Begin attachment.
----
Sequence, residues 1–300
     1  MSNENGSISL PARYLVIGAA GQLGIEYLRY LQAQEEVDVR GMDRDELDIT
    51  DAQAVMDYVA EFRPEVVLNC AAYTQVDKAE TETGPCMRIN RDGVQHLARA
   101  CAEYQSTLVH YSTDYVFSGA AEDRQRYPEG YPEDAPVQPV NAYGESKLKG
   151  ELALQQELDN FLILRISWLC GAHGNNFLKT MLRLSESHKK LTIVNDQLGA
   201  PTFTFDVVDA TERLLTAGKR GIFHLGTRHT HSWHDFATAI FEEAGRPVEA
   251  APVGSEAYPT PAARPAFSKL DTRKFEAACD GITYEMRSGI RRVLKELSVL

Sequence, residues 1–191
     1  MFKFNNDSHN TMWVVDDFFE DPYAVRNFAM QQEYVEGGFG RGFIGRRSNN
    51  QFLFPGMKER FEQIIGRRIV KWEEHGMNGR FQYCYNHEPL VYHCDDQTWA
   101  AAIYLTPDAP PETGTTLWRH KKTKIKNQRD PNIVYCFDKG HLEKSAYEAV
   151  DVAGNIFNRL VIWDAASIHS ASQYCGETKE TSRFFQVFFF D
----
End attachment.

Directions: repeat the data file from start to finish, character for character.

Sequence, residues 1–300
     1  MSNENGSISL PARYLVIGAA GQLGIEYLRY LQAQEEVDVR GMDRDELDIT
    51  DAQAVMDYVA EFRPEVVLNC AAYTQVDKAE TETGPCMRIN RDGVQHLARA
   101  CAEYQSTLVH YSTDYVFSGA AEDRQRYPEG YPEDAPVQPV NAYGESKLKG
   151  ELALQQELDN FLILRISWLC GAHGNNFLKT MLRLSESHKK LTIVNDQLGA
   201  PTFTFDVVDA TERLLTAGKR GIFHLGTRHT HSWHDFATAI FEEAGRPVEA
   251  APVGSEAYPT PAARPAFSKL DTRKFEAACD GITYEMRSGI RRVLKELSVL

Sequence, residues 1–191
     1  MFKFNNDSHN TMWVVDDFFE DPYAVRNFAM QQEYVEGGFG RGFIGRRSNN
    51  QFLFPGMKER FEQIIGRRIV KWEEHGMNGR FQYCYNHEPL VYHCDDQTWA
   101  AAIYLTPDAP PETGTTLWRH KKTKIKNQRD PNIVYCFDKG HLEKSAYEAV
   151  DVAGNIFNRL VIWDAASIHS ASQYCGETKE TSRFFQVFFF D